BALB/c mice (six per group) were obtained from Harlan Sprague-Dawley and used at eight weeks of age. The exposed group were fed on by Lu. longipalpis females from the Callejon, Colombia colony according to a modified protocol.22 Briefly, prior to sand fly feeding, six mice were sedated by intraperitoneal injection of ketamine (60 mg/kg) and xylazine (5 mg/kg). During the course of two weeks, each mouse was exposed to at least 50 female sand flies twice a week. Sera were collected by saphenous vein puncture one week after the last exposure to sand fly bites and an indirect ELISA was used to measure anti-salivary gland IgG titers. The ELISA protocol is described under the subheading Production of specific IgG antibodies to MAX. The coating antigen used was two pairs of salivary glands/mL of PBS (≈2.8 μg of protein/mL) instead of RMAX. Mice with the highest titers (1:400–1:800) were used in the blood feeding experiments described in this report.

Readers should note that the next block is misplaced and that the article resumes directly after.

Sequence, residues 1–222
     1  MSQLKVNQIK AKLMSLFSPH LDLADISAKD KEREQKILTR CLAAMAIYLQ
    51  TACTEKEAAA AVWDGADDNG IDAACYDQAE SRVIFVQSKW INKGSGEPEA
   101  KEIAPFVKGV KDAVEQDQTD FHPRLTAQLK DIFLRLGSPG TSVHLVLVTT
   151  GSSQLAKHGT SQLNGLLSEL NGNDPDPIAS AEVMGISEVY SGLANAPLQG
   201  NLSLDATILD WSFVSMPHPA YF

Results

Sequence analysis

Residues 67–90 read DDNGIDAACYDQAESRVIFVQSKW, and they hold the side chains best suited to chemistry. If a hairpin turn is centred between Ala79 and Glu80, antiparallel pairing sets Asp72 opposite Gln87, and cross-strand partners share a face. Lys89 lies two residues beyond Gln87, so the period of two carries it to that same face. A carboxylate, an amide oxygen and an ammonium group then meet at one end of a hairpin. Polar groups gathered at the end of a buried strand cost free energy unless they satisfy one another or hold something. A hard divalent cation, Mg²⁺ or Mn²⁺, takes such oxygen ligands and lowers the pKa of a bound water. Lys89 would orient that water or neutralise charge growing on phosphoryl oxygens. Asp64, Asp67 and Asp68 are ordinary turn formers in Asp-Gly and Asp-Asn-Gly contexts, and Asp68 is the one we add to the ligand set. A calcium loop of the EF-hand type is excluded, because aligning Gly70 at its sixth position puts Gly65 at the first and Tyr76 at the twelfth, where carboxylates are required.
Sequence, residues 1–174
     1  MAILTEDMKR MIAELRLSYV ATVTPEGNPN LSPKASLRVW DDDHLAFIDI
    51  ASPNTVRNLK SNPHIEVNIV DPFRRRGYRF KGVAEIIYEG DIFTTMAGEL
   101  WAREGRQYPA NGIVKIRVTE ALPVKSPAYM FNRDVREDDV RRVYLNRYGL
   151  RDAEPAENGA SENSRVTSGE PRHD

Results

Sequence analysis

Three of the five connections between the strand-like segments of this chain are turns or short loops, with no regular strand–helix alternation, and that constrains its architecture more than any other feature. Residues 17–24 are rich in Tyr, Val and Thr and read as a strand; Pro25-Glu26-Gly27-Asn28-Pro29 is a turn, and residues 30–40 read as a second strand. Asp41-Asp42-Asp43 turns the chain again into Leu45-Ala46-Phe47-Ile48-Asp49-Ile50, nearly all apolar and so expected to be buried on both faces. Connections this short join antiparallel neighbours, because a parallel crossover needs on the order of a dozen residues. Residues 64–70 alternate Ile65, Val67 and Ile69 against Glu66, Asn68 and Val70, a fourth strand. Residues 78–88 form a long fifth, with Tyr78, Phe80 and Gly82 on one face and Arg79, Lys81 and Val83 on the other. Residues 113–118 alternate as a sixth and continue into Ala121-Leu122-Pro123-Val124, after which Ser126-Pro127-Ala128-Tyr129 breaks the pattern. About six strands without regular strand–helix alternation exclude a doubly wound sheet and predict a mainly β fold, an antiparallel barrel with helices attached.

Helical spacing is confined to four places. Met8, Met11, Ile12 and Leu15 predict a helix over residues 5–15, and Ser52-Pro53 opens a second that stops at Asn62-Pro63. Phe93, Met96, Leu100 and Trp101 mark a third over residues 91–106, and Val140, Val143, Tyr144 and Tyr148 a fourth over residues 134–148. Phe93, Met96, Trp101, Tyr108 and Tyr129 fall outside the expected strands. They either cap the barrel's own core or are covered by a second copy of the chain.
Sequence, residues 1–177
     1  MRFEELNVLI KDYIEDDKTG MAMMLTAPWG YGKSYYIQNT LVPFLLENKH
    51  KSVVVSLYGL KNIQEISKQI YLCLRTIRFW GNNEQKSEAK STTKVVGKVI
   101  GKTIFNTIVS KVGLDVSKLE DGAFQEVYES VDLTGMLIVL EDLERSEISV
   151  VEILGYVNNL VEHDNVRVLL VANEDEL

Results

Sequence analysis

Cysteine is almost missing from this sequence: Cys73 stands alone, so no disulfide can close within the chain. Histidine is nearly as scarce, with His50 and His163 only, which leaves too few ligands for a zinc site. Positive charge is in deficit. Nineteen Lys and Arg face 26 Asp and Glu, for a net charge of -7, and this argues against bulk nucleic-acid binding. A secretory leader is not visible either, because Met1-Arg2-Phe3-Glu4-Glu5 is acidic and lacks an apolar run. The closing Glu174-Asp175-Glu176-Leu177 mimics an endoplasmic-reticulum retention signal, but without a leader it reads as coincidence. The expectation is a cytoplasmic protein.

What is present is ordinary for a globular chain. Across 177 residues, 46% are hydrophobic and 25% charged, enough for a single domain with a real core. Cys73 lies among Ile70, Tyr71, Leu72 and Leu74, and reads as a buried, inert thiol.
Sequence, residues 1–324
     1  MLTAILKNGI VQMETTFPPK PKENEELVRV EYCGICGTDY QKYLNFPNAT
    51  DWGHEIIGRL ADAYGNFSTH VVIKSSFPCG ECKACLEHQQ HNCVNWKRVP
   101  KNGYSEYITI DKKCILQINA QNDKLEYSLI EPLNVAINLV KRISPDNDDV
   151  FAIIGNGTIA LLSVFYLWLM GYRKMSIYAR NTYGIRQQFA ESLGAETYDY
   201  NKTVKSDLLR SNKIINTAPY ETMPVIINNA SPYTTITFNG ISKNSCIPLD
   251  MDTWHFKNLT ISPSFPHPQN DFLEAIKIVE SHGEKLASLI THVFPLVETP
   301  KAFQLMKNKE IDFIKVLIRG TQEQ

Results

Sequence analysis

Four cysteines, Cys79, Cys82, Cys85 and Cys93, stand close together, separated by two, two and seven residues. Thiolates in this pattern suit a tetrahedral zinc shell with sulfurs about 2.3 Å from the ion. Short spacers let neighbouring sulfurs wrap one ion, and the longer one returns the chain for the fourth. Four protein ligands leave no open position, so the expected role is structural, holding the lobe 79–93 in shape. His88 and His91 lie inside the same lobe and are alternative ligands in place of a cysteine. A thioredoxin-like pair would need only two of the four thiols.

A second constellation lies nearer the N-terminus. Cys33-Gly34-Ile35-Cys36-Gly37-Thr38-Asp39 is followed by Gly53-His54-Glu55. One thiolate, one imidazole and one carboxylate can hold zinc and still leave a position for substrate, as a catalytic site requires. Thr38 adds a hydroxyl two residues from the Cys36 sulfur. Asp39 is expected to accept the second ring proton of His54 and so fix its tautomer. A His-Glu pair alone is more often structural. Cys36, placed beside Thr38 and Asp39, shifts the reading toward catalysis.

Effects of antibodies to MAX on Lu. longipalpis blood meal size and oviposition.

A blind protocol was used to test effects of antibodies to MAX on blood meal size and oviposition of 3–4-day-old Lu. longipalpis from the Callejon colony, UTMB. Within each replicate of the feeding experiment, an equal number of female and male flies were placed into two cloth mesh cages (20 × 20 cm). Between replicates, the number of flies per cage ranged from 40 to 60 females and from 20 to 30 males. Females typically feed in groups and in nature males are present. We controlled for size by visual exclusion of very small or large flies. BALB/c mice, either naive or previously sensitized by synthetic MAX or Lu. longipalpis bites, were sedated by intraperitoneal injection of 60 mg/kg of ketamine and 5 mg/kg of xylazine and immediately introduced into each cage.